James E. O'Shea, editor since November 2006, said Sunday that he was forced out after disagreeing with Times Publisher David D. Hiller's plan to shrink the newsroom budget.
"We did not share a common vision for the future of the L.A. Times," O'Shea said.
Hiller disputed the notion that O'Shea had been fired, saying his exit was part of a larger reorganization plan being put in place under The Times' new ownership. The paper's corporate parent, Tribune Co., was bought out last month in an $8.2-billion deal engineered by Chicago real estate baron Sam Zell.
"Think of it as the changes made at the start of a new presidential term," Hiller said. "In the context of these changes, Jim and I decided we no longer saw things the same way about how to take the company forward."
O'Shea had told senior editors that he opposed the constant drumbeat of cuts in response to falling advertising revenue.
The push and pull over budgeting is a long-running story at The Times, which has seen its editorial staff shrink in the last eight years to less than 900 from about 1,200. At the same time, the paper's weekday circulation has dropped to about 800,000 from more than 1 million.
The staff reductions have stoked anxiety about the paper's ability to adequately cover a sprawling, diverse and fast-growing region and maintain its foreign and national coverage.
"It's a continuing cause for concern, both for the quality and reporting in the paper and for what it says about long-term prospects," said George Kieffer, head of the Los Angeles Civic Alliance and one of 20 prominent Angelenos who wrote to Tribune in 2006, urging the company not to make cuts that could force The Times out of "the top ranks of American journalism."
"How do you continue to cover the community and provide civic education with these continuing cuts in resources?" Kieffer said.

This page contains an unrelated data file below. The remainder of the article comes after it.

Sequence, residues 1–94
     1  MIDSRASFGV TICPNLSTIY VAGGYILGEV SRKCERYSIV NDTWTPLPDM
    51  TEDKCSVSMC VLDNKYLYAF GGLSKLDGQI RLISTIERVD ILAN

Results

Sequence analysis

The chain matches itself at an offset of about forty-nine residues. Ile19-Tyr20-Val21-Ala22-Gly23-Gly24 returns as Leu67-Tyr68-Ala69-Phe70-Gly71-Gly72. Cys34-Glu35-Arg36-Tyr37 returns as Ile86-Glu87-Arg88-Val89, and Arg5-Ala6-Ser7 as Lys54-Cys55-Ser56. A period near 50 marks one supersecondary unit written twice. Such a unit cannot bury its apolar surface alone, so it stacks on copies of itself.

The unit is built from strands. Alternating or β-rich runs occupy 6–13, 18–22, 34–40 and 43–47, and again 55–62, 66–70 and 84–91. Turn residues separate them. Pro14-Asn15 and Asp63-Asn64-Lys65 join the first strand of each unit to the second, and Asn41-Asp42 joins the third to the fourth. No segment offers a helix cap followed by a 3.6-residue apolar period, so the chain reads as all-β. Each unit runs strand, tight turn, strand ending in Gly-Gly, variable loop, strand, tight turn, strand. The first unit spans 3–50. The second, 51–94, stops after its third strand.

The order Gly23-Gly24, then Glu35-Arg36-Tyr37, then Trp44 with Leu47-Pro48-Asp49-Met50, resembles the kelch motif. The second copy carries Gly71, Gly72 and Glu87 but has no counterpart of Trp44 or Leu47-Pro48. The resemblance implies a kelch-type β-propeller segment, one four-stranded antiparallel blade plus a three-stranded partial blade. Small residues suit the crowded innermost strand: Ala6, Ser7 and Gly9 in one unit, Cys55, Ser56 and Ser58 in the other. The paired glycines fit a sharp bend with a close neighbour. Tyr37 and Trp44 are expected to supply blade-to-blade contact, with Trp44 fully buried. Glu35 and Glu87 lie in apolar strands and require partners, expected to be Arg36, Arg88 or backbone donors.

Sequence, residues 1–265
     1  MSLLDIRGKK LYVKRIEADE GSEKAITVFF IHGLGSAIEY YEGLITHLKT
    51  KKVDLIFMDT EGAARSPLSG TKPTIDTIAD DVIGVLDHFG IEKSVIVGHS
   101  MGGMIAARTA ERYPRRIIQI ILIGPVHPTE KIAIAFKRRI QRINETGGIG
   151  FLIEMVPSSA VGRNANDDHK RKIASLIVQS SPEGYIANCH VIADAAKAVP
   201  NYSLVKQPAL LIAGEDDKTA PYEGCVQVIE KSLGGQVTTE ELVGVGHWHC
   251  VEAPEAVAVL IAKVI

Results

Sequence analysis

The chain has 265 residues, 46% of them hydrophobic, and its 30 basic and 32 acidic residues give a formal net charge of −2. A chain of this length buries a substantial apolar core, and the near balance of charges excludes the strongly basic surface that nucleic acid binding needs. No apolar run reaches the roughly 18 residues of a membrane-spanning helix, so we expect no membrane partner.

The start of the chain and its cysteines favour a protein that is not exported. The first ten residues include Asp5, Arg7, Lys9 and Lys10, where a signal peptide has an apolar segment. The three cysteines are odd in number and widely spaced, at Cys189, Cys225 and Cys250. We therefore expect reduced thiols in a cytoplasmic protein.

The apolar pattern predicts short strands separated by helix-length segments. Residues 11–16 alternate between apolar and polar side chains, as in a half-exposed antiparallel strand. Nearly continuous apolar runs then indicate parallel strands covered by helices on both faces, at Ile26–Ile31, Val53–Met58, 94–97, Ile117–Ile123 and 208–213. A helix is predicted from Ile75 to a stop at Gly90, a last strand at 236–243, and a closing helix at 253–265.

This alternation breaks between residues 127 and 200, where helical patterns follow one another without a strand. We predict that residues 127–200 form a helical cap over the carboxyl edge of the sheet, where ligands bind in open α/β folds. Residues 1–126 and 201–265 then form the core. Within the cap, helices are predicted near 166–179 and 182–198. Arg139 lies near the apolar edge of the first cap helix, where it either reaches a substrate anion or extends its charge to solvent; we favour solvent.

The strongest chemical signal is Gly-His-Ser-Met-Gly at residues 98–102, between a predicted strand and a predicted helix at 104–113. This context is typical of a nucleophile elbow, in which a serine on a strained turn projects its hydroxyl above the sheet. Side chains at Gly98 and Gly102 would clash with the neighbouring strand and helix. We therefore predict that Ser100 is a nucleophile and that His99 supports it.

The newspaper industry is being roiled by change as readers and advertising dollars migrate to the Internet and other media.
Tribune doesn't break out The Times' sales and profit, but through the first nine months of 2007 the company as a whole saw publishing operating profit plunge 30% from a year earlier.
The buyout led by Zell and an employee stock ownership program left Tribune with about $13 billion of debt and scheduled annual loan payments of about $1 billion.
Some analysts have said they doubt that the company can generate enough cash flow to cover its loan payments if advertising revenue keeps declining.
Zell scoffed at the skepticism last month, saying that Tribune anticipated a cash-flow "cushion" of $250 million more than it needed to meet its debt obligations.
It wasn't immediately clear when O'Shea would leave and who would succeed him. The next editor of the paper, the nation's fourth-largest daily, will be the fourth in less than three years.
There was speculation in the newsroom that John Arthur, one of the paper's two managing editors, and Russ Stanton, the innovation editor, were candidates. Stanton couldn't be reached and Arthur declined to comment on the succession.
Arthur said that the discord between Hiller and O'Shea was common knowledge among senior editors.
"Jim had not disguised the fact that he was not getting the budget he wanted," Arthur said. He added that Hiller's proposed cuts wouldn't result in newsroom layoffs or seriously impair coverage.